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Tim Mahoney, Fargo, Published May 21 2012

Extend infrastructure tax to keep Fargo moving forward

Spring was kind to us this year. The sun is shining as runners are training, walkers are enjoying the sidewalks and paths, bikers are zipping down the dry roads, and the town is coming alive. We enjoyed a blessedly normal spring without a big flood fight.

But as we cherish this mild, crisis-free season, we have an important decision to make. If the citizens of Fargo vote on June 12 to extend the current half-cent infrastructure tax, we can continue to fund vitally important infrastructure and flood protection.

While officials throughout the region continue to hammer out a major regional flood diversion plan, the city of Fargo has been steadily investing in flood protection projects throughout the city to prevent the need for temporary dikes and sandbagging. Several neighborhoods now have new permanent dikes, flood walls, property buy-outs and drain systems, all made possible by the current infrastructure sales tax, which is set to expire. Voting to extend that existing tax would help our city continue its incremental progress toward the goal of making all of Fargo protected from a 100-year flood event.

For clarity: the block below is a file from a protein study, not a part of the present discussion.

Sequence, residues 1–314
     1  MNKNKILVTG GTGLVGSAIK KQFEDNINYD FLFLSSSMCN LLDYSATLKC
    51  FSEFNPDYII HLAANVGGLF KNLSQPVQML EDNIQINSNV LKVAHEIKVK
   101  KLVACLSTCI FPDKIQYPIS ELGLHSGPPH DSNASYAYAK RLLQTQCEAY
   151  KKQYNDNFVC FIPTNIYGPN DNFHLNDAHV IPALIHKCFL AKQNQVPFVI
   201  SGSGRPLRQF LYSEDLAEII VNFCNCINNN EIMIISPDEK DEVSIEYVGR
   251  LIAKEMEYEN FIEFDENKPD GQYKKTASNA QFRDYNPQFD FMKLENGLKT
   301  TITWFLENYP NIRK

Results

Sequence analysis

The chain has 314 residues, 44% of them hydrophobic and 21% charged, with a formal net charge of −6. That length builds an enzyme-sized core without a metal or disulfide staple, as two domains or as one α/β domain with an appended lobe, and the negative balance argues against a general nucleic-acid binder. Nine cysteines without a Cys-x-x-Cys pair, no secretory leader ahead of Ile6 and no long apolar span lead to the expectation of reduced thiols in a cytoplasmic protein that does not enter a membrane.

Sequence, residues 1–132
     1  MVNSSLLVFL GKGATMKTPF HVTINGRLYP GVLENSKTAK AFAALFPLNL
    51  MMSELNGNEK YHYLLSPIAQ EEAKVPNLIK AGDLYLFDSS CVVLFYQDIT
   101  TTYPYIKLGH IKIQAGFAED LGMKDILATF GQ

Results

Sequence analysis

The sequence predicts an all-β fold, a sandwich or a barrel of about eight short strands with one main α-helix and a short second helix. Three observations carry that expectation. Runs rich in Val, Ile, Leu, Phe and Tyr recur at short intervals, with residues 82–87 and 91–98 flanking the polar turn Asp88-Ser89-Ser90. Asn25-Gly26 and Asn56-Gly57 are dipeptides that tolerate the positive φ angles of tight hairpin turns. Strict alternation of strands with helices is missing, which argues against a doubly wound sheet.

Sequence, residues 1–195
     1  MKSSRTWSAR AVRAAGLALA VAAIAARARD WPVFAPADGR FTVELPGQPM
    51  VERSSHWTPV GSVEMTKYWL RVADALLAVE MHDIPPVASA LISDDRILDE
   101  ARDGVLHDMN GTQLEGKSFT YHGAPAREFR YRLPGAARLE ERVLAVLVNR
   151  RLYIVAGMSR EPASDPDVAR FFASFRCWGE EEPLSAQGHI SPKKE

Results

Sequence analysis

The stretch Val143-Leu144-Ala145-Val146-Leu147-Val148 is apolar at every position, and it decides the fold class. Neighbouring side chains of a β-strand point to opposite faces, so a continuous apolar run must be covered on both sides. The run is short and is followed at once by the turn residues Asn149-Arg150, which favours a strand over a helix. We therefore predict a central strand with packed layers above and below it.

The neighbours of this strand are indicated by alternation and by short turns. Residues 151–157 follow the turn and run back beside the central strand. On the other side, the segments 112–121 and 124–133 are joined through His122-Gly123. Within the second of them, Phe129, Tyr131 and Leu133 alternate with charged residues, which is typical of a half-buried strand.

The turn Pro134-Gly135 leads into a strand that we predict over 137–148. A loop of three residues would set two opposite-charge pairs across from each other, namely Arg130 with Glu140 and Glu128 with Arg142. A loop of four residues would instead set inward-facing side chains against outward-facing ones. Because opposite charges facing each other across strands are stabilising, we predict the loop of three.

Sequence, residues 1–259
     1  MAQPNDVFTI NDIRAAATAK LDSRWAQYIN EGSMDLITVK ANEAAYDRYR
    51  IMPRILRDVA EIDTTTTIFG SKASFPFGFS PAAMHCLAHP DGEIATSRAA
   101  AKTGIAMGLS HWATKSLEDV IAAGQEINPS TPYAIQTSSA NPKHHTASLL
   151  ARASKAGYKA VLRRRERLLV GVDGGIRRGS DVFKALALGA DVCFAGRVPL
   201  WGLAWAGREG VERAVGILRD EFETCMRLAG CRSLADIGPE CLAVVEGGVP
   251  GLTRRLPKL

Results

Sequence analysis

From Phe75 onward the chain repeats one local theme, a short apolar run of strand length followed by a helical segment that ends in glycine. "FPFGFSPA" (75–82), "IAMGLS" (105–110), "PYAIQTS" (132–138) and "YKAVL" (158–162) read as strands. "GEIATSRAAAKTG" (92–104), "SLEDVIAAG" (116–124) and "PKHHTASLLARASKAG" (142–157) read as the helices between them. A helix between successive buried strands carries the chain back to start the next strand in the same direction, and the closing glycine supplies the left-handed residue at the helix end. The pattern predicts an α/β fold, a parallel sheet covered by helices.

This dedicated half-cent tax costs only $56 per year for an average family of four, yet it has invested

$110 million in Fargo neighborhoods. It is a powerful tool in our city’s balanced revenue plan that helps keep property taxes and special assessments reined in, while protecting our city.

Our past city leaders wisely sought to find balanced sources of revenue to minimize special assessment and mill levy increases, so that people would not be priced out of their homes. This fiscally prudent approach has been praised by Moody’s Investor Services, which granted Fargo an Aa1 rating and noted, “Conservative budgeting and a growing economy have contributed to sound financial operations, with the city posting four years of solid operating surpluses.”

Fargo is a vibrant community with a history of taking a wise, proactive approach to its future challenges. This is a wonderful place in which to live and work, and we need to help finish up our infrastructure needs and flood protection. If you value the safety, services and quality of life in Fargo, I urge you to support the extension of this infrastructure sales tax.


Mahoney is a Fargo city commissioner.